Monday, 27 July 2015

Health - Cuba Becomes First Ever Country To Eliminate Mother-To-Child Transmission of HIV

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Cuba – First Country to Eliminate Transmission of HIV/Syphilis

Cuba has become the first country in eliminating the transmission of HIV and syphilis from mother to baby and has demonstrated that its health care system is something that can be admired and learned by becoming the first country to receive World Health Organization – WHO, validation.Margaret Chan, WHO’s director general has said that it was `one of the greatest public health achievements possible’ and an important step for an Aid-free generation.

Caribbean countries over the past five years have improved access to antiretroviral drugs as a regional initiative in eliminating mother-to-child transmission. Syphilis and HIV testing of pregnant women as well as their partners, caesarean deliveries and substitution of breastfeeding have made their contribution in the breakthrough of the infection chain according to `WHO’.

Though the term `elimination’ may give rise to believe that this type of transmission could have been cleared out, it is not essential to meet the needs set out by WHO for the purpose of validation. On the contrary, the country requires demonstration that the country has less than 50 infections from this route of transmission for 100,000 births for at least a year though Cuba has exceeded these requirements. Only two babies were born with HIV and just five with syphilis in 2013.

Major Victory in Long Fight against HIV

Dr Margaret Chan commented in a statement that `eliminating transmission of a virus is one of the greatest public health achievements possible. This is a major victory in the long fight against HIV and sexually transmitted infection and an important step towards an AID-free generation.

There are around 16 million women living with HIV, all over the world and every year about 1.4 million of them tend to get pregnant and the risk of transferring the virus to their child is around 1%, if the anti-HIV drug is not given during phases where infection tends to take place, right through the stage of pregnancy to breastfeeding.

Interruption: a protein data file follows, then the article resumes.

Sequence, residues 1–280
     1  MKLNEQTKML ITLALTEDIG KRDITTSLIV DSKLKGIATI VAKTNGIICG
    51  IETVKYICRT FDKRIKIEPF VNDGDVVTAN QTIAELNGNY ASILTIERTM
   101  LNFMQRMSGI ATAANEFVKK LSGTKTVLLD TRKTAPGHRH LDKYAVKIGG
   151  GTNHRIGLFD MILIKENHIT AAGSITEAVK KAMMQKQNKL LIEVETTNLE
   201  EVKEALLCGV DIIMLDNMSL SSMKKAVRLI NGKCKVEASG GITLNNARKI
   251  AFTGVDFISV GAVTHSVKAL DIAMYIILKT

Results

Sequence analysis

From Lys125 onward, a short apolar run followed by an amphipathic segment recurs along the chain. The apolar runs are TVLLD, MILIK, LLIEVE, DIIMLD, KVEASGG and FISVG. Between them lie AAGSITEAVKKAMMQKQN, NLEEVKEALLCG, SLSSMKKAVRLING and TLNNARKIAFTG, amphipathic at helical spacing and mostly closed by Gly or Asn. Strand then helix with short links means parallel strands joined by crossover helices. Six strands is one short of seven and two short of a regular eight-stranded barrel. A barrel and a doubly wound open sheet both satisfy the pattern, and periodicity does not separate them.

If they are left without any treatment, there could be around 45% chance of the child getting infected during any of these stages. While syphilis obtains considerably less attention than HIV, the infection at the time of pregnancy could tend to be serious bad news since it could lead to stillbirth or neonatal death without the antibiotic therapy.

Initiative Set in 2010 to Reduce Mother-to-child Transmission

An initiative was set up in 2010 to reduce the mother-to-child transmission rate of both of these, which improved the access to testing as well as treating these infection, caesarean deliveries as well as breastfeeding alternatives.

Services which tend to form part of the universal health system of Cuba are said to be implemented in various other countries and are being helpful towards the global aim of less than 40,000 new infections yearly. Though Cuba could be the first country in receiving the WHO validation stamp, it is not that other countries have not reached the elimination position.

As Carissa Etienne, Pan American Health Organization Director points out that it is likely that the U.S. and Canada have already eliminated mother-to-child transmission of both these infections, but have not sought validation. Thirty other countries have requested validation and so they could see the list begin to grow soon.

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